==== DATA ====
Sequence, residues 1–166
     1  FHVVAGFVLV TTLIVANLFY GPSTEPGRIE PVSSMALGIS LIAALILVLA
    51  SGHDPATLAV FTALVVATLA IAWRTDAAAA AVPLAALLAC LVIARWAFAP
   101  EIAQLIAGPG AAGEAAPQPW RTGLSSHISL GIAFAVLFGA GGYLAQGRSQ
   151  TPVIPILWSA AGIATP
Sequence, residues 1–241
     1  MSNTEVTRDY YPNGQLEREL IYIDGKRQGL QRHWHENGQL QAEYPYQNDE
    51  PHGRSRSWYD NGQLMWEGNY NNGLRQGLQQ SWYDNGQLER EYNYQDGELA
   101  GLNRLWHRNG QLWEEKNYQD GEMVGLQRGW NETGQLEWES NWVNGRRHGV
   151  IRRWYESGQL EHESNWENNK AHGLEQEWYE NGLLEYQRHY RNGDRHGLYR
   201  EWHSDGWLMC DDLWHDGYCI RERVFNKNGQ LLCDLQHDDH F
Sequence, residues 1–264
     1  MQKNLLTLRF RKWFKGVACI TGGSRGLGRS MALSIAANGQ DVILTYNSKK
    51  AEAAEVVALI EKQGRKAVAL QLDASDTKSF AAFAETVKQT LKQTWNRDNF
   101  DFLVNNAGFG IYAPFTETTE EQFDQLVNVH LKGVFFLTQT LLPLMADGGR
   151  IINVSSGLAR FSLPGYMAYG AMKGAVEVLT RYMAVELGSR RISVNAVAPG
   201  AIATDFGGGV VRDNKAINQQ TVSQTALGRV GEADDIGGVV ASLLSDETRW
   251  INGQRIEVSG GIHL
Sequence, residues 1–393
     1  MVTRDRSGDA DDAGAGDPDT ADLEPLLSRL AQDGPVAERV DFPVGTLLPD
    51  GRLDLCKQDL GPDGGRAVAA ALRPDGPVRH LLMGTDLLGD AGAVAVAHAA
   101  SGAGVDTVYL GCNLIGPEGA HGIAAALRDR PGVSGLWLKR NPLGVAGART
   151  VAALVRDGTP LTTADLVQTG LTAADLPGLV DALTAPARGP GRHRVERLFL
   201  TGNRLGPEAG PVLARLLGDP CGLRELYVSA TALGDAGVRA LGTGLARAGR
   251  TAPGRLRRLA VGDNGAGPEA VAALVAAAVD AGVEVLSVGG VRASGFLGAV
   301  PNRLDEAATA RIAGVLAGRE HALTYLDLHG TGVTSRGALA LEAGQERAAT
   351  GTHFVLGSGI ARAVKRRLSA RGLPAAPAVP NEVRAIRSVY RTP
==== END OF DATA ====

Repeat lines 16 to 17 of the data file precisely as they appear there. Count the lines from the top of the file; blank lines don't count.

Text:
   151  IINVSSGLAR FSLPGYMAYG AMKGAVEVLT RYMAVELGSR RISVNAVAPG
   201  AIATDFGGGV VRDNKAINQQ TVSQTALGRV GEADDIGGVV ASLLSDETRW